Triple compartment prolapse: sacrocolpopexy with anterior and posterior mesh extensions

Authors


* Professor S. L. Stanton, Pelvic Reconstruction and Urogynaecology Unit, Department of Obstetrics and Gynaecology, St George's Hospital, 4th Floor, Lanesborough Wing, Cranmer Terrace, London SW17 0RE, UK.

Abstract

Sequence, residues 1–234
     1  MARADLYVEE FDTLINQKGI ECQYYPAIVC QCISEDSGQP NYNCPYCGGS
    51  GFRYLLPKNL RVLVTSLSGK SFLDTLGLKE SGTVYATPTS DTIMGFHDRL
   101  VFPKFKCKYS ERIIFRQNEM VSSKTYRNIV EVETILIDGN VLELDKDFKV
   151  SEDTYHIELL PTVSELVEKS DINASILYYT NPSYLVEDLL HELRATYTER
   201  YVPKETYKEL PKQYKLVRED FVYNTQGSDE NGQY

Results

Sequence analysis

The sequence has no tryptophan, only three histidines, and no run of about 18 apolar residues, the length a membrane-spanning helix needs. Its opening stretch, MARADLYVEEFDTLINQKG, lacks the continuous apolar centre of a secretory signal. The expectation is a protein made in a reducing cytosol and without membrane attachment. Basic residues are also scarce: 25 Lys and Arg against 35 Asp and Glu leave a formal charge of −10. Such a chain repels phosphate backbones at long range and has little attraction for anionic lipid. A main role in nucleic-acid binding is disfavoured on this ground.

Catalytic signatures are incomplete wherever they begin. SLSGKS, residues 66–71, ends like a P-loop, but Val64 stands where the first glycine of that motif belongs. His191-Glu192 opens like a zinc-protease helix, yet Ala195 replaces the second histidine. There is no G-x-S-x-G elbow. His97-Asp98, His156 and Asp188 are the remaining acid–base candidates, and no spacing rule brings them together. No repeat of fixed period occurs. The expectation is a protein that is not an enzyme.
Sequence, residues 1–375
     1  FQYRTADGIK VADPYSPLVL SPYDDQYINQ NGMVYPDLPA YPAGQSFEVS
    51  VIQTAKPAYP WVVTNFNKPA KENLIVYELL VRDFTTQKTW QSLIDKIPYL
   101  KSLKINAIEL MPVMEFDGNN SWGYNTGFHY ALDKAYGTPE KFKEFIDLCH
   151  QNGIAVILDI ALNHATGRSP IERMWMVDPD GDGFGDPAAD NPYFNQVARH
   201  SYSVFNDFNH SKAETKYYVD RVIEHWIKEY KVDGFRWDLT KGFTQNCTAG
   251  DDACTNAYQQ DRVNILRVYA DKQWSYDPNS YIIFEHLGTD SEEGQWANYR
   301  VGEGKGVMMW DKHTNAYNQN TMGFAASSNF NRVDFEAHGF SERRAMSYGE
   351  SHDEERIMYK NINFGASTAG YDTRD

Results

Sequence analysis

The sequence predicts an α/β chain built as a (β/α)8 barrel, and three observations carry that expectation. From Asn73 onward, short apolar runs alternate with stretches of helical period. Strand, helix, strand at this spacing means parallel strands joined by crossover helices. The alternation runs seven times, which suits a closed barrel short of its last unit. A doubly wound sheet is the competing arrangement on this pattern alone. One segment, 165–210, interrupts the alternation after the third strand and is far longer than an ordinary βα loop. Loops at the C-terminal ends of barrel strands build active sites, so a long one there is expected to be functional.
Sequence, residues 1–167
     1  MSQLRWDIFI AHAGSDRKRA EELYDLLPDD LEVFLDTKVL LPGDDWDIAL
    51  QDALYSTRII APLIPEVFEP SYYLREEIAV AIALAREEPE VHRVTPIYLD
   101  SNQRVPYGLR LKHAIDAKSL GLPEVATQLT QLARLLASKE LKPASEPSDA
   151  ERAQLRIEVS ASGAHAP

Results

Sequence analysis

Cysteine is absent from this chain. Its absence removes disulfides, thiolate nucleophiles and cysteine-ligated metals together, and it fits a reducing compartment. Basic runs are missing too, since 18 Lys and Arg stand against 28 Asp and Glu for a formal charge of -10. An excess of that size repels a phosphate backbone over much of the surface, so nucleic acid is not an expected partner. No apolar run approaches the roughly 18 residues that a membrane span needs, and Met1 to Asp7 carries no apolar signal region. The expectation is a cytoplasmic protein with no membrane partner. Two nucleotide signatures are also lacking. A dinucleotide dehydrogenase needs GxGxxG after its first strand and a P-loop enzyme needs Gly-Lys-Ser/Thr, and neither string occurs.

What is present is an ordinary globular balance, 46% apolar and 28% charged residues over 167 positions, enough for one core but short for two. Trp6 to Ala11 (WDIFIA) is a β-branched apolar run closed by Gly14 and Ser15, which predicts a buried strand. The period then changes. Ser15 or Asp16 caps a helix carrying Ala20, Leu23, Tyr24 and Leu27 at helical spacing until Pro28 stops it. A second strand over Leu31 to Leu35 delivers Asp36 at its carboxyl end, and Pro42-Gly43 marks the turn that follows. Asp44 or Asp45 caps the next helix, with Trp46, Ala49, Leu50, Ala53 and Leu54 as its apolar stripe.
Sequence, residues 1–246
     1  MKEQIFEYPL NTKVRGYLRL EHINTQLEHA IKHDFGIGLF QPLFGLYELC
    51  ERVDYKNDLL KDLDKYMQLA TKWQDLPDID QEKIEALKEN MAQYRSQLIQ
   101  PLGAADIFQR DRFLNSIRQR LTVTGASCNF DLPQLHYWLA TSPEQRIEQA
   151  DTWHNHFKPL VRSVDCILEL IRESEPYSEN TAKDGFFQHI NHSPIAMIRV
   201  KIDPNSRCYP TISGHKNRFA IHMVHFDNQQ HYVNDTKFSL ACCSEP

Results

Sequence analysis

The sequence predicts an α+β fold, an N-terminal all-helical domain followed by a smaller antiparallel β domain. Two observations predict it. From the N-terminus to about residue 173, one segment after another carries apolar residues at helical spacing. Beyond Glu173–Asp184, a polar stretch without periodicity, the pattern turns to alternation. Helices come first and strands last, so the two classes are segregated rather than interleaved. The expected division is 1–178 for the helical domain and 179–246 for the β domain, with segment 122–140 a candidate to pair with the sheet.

Post-hysterectomy vault prolapse may be accompanied by anterior (cystocele) and posterior (rectocele) pelvic compartment prolapse. We describe our results with sacrocolpopexy with anterior and posterior polytetrafluoroethylene mesh (SCAPM) extensions. A prospective on-going study is presented of 12 consecutive, complicated patients referred to our tertiary referral unit with a median age of 60 years (range 39–69) who underwent SCAPM between April 1997 and June 1999. All patients had a history and physical examination, International Continence Society Prolapse Staging (ICS) and pre-operative multichannel urodynamics testing with their prolapse reduced. All patients had an ICS grade 2, triple compartment prolapse or worse for inclusion into this study. The operative results were assessed with a 10-point visual analogue scale (VAS) for personal satisfaction and the (non-validated) St George's Hospital symptom questionnaire assessing urgency, urge incontinence, stress incontinence, splinting, digitation, sexual activity and function. All patients were reviewed during February 2002 by an independent observer (B.G. gynaecologist) no longer associated with the Department of Urogynaecology. All patients were followed post-operatively for a median of 39 months (range 32–58). One patient had a recurrent grade 1 cystocele and another a grade 1 rectocele. The median VAS score for personal satisfaction with the operative results was 8 (range 6–10). There was one patient with de novo urgency and one with de novo stress incontinence. Four of the five patients who needed to splint or digitate to empty the rectum no longer required these measures post-operatively. There were no reports of de novo dyspareunia, and two patients had improved vaginal lubrication. Two patients, each with more than five prior vaginal procedures, had a total of three episodes of mesh erosion through the posterior vaginal wall. The SCAPM is an effective treatment for triple compartment prolapse and incomplete rectal emptying. Patient satisfaction is good.

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